In June 2023, a Canadian Court in South-West Terminal Ltd v Achter Land and Cattle Ltd, 2023 SKKB 116, held that the "thumbs-up" emoji carried enough weight to constitute acceptance of contractual terms, analogous to that of a "signature", to establish a legally binding contract.   Facts This case involved a contractual dispute between two parties namely South-West Terminal ("SWT"), a grain and crop inputs company; and Achter Land & Cattle Ltd ("ALC"), a farming corporation. SWT sought to purchase several tonnes of flax at a price of $17 per bushel, and in March 2021, Mr Mickleborough, SWT's Farm Marketing Representative, sent a "blast" text message to several sellers indicating this intention. Following this text message, Mr Mickleborough spoke with Mr Achter, owner of ALC, whereby both parties verbally agreed by phone that ALC would supply 86 metric tonnes of flax to SWT at a price of $17 per bushel, in November 2021. After the phone call, Mr Mickleborough applied his ink signature to the contract, took a photo of it on his mobile phone and texted it to Mr Archter with the text message, "please confirm flax contract". Mr Archter responded by texting back a "thumbs-up" emoji, but ultimately did not deliver the 87 metric tonnes of flax as agreed.   Issues The parties did not dispute the facts, but rather, "disagreed as to whether there was a formal meeting of the minds" and intention to enter into a legally binding agreement. The primary issue that the Court was tasked with deciding was whether Mr Achter's use of the thumbs-up emoji carried the same weight as a signature to signify acceptance of the terms of the alleged contract. Mr Mickleborough put forward the argument that the emoji sent by Mr Achter conveyed acceptance of the terms of the agreement, however Mr Achter disagreed arguing that his use of the emoji was his way of confirming receipt of the text message. By way of affidavit, Mr Achter stated "I deny that he accepted the thumbs-up emoji as a digital signature of the incomplete contract"; and "I did not have time to review the Flax agreement and merely wanted to indicate that I did receive his text message." Consensus Ad Idem In deciding this issue, the Court needed to determine whether there had been a "formal meeting of the minds". At paragraph [18], Justice Keene considered the reasonable bystander test: " The court is to look at “how each party’s conduct would appear to a reasonable person in the position of the other party” (Aga at para 35). The test for agreement to a contract for legal purposes is whether the parties have indicated to the outside world, in the form of the objective reasonable bystander, their intention to contract and the terms of such contract (Aga at para 36). The question is not what the parties subjectively had in mind, but rather whether their conduct was such that a reasonable person would conclude that they had intended to be bound (Aga at para 37)."   Justice Keene considered several factors including: The nature of the business relationship, notably that Mr Achter had a long-standing business relationship with SWT going back to at least 2015 when Mr Mickleborough started with SWT; and   The consistency in the manner by which the parties conducted their business by way of verbal conversation either in person or over the phone to come to an agreement on price and volume of grain, which would be followed by Mr Mickleborough drafting a contract and sending it to Mr Achter. Mr Mickleborough stated, "I have done approximately fifteen to twenty contracts with Achter"; and   The fact that the parties had both clearly understood responses by Mr Achter such as "looks good", "ok" or "yup" to mean confirmation of the contract and "not a mere acknowledgment of the receipt of the contract" by Mr Achter.   Judgment At paragraph [36], Keene J said: "I am satisfied on the balance of probabilities that Chris okayed or approved the contract just like he had done before except this time he used a thumbs-up emoji. In my opinion, when considering all of the circumstances that meant approval of the flax contract and not simply that he had received the contract and was going to think about it. In my view a reasonable bystander knowing all of the background would come to the objective understanding that the parties had reached consensus ad item – a meeting of the minds – just like they had done on numerous other occasions." The court satisfied that the use of the thumbs-up emoji paralleled the prior abbreviated texts that the parties had used to confirm agreement ("looks good", "yup" and "ok"). This approach had become the established way the parties conducted their business relationship.   Significance of the Thumbs-Up Emoji Justice Keene acknowledged the significance of a thumbs-up emoji as something analogous to a signature at paragraph [63]: "This court readily acknowledges that a thumbs-up emoji is a non-traditional means to "sign" a document but nevertheless under these circumstances this was a valid way to convey the two purposes of a "signature" – to identify the signator… and… to convey Achter's acceptance of the flax contract." In support of this, Justice Keene cited the definition of the thumbs-up emoji: "used to express assent, approval or encouragement in digital communications, especially in western cultures", confirming that the thumbs-up emoji is an "action in an electronic form" that can be used to allow express acceptance as contemplated under the Canadian Electronic Information and Documents Act 2000. Justice Keene dismissed the concerns raised by the defence that accepting the thumbs up emoji as a sign of agreement would "open the flood gates" to new interpretations of other emojis, such as the 'fist bump' and 'handshake'. Significantly, the Court held, "I agree this case is novel (at least in Skatchewan), but nevertheless this Court cannot (nor should it) attempt to stem the tide of technology and common usage." Ultimately the Court found in favour of SWT, holding that there was a valid contract between the parties and that the defendant breached by failing to deliver the flax. Keene J made a judgment against ALC for damages in the amount of $82,200.21 payable to SWT plus interest.   What does this mean for Australia? This is a Canadian decision meaning that it is not precedent in Australia. However, an Australian court is well within its rights to consider this judgment when dealing with matters that come before it with similar circumstances. This judgment is a reminder that the common law of contract has and will continue to evolve to meet the everchanging realities and challenges of our day-to-day lives. As time has progressed, we have seen the courts transition from sole acceptance of the traditional "wet ink" signature, to electronic signatures. Electronic signatures are legally recognised in Australia and are provided for by the Electronic Transactions Act 1999 and the Electronic Transactions Regulations 2020. Companies are also now able to execute certain documents via electronic means under s 127 of the Corporations Act. We have also seen the rise of electronic platforms such as "DocuSign" used in commercial relationships to facilitate the efficient signing of contracts. Furthermore, this case highlights how courts will interpret the element of "intention" when determining whether a valid contract has been formed, confirming the long-standing principle that it is to be assessed objectively from the perspective of a reasonable and objective bystander who is aware of all the relevant facts. Overall, this is an interesting development for parties engaging in commerce via electronic means and an important reminder to all to be conscious of the fact that contracts have the potential to be agreed to by use of an emoji in today's digital age.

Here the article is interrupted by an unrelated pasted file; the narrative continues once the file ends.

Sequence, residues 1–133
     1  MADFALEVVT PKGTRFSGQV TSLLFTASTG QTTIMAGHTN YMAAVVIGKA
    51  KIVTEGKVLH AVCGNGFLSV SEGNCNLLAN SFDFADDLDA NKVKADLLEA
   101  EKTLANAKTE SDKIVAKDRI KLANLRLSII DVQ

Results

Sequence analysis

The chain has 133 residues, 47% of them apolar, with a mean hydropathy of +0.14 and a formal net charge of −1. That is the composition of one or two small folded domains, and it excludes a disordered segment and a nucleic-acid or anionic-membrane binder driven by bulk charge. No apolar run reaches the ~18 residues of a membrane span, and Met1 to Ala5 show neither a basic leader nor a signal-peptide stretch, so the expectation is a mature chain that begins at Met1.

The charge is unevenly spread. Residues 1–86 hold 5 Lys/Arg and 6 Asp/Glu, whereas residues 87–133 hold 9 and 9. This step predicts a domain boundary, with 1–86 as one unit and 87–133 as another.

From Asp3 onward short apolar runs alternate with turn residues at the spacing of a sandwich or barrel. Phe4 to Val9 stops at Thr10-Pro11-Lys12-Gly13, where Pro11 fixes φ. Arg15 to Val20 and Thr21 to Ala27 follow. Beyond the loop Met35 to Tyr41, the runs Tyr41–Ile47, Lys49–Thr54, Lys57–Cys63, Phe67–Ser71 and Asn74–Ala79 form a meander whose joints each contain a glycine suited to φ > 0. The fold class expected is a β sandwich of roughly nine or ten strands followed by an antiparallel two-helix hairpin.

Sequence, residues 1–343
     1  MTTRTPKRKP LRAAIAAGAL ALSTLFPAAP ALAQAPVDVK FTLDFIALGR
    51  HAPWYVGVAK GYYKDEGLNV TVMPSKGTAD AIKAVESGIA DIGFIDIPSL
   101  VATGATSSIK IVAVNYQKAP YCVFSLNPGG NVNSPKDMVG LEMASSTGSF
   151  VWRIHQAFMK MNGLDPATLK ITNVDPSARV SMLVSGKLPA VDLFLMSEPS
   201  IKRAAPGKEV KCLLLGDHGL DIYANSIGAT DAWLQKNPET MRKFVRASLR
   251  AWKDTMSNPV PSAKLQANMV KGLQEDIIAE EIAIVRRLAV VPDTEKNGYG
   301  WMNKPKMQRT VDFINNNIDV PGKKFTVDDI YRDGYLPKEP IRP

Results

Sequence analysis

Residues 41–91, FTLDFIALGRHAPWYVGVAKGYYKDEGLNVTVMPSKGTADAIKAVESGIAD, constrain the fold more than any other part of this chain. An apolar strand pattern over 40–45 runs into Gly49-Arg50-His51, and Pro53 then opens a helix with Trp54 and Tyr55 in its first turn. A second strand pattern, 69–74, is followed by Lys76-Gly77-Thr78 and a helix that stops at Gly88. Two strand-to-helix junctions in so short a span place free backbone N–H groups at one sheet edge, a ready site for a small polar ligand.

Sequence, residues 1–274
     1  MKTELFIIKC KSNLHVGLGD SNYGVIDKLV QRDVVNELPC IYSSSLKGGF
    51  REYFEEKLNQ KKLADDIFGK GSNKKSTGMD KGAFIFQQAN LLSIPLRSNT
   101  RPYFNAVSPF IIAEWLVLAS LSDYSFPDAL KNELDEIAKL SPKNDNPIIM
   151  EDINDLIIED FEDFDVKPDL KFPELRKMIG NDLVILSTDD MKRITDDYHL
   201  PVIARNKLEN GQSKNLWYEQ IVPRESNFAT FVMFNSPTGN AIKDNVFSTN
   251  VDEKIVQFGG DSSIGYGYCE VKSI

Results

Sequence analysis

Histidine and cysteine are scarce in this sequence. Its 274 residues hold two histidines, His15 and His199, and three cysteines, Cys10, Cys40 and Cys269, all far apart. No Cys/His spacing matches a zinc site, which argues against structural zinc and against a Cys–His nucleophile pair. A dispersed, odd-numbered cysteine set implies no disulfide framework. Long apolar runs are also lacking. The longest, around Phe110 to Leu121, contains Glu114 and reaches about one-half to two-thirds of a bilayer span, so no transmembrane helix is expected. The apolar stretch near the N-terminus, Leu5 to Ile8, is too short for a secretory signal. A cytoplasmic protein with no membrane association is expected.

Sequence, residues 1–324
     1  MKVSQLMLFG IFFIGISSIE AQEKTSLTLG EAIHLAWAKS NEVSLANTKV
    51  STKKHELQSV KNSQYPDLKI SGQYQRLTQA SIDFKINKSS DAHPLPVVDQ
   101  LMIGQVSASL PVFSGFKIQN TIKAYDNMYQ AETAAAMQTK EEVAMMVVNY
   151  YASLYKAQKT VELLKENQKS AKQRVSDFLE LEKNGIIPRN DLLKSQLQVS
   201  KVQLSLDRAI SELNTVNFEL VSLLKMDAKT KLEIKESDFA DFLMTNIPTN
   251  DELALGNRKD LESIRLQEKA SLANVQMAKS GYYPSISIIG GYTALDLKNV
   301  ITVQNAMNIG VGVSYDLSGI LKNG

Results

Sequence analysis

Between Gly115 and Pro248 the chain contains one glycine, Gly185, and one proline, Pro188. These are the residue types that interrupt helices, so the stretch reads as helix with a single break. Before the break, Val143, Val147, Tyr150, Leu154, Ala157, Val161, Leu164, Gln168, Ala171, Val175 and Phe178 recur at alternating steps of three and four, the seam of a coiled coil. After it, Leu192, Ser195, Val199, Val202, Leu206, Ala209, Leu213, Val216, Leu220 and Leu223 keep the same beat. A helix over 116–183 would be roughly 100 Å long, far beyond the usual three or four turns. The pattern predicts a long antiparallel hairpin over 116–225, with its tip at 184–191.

Published by Foez Dewan